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Politics & Government

Whitmer’s plans to restructure DEQ are dead – for now

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Governor Gretchen Whitmer’s plan to restructure the state Department of Environmental Quality is dead. The Senate voted to overturn the order on Thursday. That was the final vote the Republican-led Legislature needed to eliminate Whitmer’s order.

The main reason Republicans didn’t like the order is because it would have eliminated several environmental oversight panels they created last year. Those panels are able to, in part, overrule the DEQ’s decision on permits. Business organizations came out in favor of the panels.

Senate Majority Leader Jim Ananich (D-Flint) says those panels open the door for special interests having the final say on pollution.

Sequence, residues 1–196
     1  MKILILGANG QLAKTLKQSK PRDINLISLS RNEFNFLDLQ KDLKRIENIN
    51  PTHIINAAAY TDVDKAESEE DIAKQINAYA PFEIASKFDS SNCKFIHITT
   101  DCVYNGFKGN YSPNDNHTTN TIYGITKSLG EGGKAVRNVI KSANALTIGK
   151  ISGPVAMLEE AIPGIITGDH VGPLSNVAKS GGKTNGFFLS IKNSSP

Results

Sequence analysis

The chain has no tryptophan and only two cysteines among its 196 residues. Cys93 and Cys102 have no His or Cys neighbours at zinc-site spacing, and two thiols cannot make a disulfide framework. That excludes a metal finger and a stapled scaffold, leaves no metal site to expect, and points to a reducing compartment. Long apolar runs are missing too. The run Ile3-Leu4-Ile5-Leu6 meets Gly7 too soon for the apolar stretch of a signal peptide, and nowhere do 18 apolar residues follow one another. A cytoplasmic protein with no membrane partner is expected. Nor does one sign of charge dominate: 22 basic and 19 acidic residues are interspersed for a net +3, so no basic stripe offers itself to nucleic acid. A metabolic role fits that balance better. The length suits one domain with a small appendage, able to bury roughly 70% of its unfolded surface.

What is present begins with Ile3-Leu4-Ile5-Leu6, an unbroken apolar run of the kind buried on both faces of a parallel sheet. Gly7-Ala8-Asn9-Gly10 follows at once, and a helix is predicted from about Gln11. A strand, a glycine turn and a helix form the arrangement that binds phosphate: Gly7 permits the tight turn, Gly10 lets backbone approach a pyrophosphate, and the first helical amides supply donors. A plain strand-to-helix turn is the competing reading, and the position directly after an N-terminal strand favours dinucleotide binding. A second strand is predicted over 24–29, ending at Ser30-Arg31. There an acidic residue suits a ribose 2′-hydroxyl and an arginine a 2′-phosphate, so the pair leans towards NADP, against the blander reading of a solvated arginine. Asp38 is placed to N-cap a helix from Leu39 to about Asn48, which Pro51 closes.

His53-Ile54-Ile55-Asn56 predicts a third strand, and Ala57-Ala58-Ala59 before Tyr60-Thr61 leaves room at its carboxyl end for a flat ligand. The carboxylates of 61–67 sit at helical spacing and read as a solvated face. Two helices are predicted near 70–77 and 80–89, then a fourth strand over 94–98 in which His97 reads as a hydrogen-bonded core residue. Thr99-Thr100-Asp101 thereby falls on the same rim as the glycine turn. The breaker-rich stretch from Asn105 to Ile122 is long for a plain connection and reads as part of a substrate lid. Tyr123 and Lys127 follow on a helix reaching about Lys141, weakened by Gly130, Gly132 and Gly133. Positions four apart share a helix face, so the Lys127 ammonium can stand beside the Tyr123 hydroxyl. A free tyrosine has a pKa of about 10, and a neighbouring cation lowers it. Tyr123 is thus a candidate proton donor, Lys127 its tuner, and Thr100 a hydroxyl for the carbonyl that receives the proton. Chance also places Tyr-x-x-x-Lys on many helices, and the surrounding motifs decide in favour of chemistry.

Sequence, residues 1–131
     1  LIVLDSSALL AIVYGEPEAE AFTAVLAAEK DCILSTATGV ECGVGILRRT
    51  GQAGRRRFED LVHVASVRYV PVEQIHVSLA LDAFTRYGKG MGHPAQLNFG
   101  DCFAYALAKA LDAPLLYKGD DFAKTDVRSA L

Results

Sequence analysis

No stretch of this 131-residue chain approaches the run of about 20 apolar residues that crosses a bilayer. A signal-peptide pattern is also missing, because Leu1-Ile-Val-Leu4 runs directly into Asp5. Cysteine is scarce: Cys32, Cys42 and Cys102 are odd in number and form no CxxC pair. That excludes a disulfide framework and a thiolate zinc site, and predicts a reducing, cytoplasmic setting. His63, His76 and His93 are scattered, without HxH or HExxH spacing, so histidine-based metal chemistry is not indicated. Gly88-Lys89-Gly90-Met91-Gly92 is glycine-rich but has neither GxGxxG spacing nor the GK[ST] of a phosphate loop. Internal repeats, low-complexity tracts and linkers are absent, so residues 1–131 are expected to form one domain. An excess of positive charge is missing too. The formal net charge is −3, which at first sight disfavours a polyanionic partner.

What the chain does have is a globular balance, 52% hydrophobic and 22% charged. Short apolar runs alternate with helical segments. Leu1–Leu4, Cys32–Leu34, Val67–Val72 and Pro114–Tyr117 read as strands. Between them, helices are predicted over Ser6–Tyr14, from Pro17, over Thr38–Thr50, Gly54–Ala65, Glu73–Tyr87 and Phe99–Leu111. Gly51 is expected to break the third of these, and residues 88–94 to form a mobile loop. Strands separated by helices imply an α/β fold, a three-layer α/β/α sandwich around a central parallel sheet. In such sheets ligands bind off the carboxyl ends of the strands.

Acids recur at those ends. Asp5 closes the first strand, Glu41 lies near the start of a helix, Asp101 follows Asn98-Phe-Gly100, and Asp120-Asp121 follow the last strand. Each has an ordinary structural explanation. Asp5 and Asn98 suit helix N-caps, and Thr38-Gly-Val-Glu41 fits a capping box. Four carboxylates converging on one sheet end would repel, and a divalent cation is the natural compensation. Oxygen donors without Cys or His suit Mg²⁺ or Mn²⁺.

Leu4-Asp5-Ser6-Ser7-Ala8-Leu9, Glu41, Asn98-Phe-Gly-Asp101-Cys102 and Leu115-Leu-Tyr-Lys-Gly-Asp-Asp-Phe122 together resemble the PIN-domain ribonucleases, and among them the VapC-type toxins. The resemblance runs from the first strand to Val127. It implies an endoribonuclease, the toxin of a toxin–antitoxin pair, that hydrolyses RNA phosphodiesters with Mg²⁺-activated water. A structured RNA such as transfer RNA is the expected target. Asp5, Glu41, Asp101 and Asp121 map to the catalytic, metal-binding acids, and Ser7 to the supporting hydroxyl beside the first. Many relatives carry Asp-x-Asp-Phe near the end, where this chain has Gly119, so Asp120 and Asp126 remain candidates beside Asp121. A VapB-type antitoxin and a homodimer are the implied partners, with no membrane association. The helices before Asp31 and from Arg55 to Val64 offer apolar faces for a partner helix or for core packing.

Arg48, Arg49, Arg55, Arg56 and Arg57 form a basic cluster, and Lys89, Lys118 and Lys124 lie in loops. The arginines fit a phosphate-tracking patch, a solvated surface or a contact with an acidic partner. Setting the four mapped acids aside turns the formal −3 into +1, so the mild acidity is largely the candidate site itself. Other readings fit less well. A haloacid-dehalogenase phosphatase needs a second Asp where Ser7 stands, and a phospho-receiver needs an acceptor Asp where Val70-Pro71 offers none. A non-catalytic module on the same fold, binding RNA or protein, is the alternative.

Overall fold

"They just voted to allow polluters to have a free pass and the citizens of Michigan took it on the chin,” he says.

But Republicans say the panels protect citizens from potential overreach by the department. Senator Ed McBroom (R-Dickinson) chairs the committee that passed the measure to eliminate Whitmer’s order. He says the panels provide valuable oversight of the DEQ.

“Who’s taking the complaints about the department that abuses the people? Who’s watching the watcher?” says McBroom.

Senate Majority Leader Mike Shirkey (R-Clarklake) says he’s open to continuing the conversation with Whitmer about restructuring the department.

“I think our process was very deliberate, very specific, very thorough,” he says.

Whitmer says she wanted to get rid of unnecessary bureaucracy. A spokesperson for the governor says Whitmer will continue to try to restructure the department to ensure clean drinking water and safeguard public health.

Whitmer has asked Attorney General Dana Nessel for an opinion on the legality of those panels.

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